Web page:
What Princess Cruises Did to Slow Norovirus Outbreak

Skift Take

It’s been a bad week of PR for cruise lines and health issues.

— Jason Clampet

A Princess Cruises vessel docked Thursday night in a Houston-area port after more than 180 people became sick. It was the second cruise ship to return to its U.S. port this week after passengers and crew members contracted a suspected stomach illness. The other cruise, affiliated with Royal Caribbean, returned early to New Jersey on Wednesday.

Princess Cruises says it used labs on the ship to confirm passengers and crew members had contracted norovirus. Since more than 3 percent of those on board were affected, the company was required to alert the Centers for Disease Control and Prevention.

More than 160 people reported to the ship’s medical center, which has two doctors and four nurses, according to Princess Cruises. Those who became ill were asked to stay in their cabins to prevent the illness from spreading.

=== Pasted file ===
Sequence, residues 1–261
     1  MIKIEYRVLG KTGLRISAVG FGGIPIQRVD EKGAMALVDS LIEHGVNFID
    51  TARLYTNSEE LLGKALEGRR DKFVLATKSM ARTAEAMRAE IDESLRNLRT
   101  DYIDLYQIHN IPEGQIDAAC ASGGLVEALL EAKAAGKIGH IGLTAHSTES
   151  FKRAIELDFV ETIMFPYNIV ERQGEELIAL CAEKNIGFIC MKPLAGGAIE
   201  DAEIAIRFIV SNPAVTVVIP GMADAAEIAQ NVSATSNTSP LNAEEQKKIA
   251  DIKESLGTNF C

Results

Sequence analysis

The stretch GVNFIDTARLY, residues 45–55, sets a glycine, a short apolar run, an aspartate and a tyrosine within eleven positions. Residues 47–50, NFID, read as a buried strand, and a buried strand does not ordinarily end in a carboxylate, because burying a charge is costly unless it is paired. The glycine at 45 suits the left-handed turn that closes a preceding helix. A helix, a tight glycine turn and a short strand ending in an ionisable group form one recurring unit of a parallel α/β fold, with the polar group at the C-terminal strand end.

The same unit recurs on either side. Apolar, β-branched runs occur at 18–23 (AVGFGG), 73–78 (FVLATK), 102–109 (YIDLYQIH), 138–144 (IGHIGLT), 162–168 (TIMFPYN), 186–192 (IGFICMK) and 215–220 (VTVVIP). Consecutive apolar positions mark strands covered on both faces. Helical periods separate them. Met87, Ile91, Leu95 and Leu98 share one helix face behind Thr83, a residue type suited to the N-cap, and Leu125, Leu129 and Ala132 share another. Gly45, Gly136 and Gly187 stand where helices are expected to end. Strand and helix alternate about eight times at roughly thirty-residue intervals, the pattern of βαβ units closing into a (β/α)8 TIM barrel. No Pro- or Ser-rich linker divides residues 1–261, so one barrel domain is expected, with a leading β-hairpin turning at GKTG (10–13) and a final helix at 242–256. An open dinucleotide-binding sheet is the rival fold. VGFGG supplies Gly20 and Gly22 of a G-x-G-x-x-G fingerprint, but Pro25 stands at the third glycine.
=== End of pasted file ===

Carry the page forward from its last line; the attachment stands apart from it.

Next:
The company says it increased its sanitation efforts on the ship. After passengers left the vessel, the CDC boarded to oversee further sanitation of the ship, including cleaning all surfaces with a special liquid disinfectant.

Handling Illness

The CDC suggests ways that passengers can stay healthy on ships. They include: eat only food that is cooked and served hot, eat fresh fruit only if you have washed it and peeled it yourself, and make sure you’re updated on vaccines such as measles, mumps, rubella, varicella and flu.

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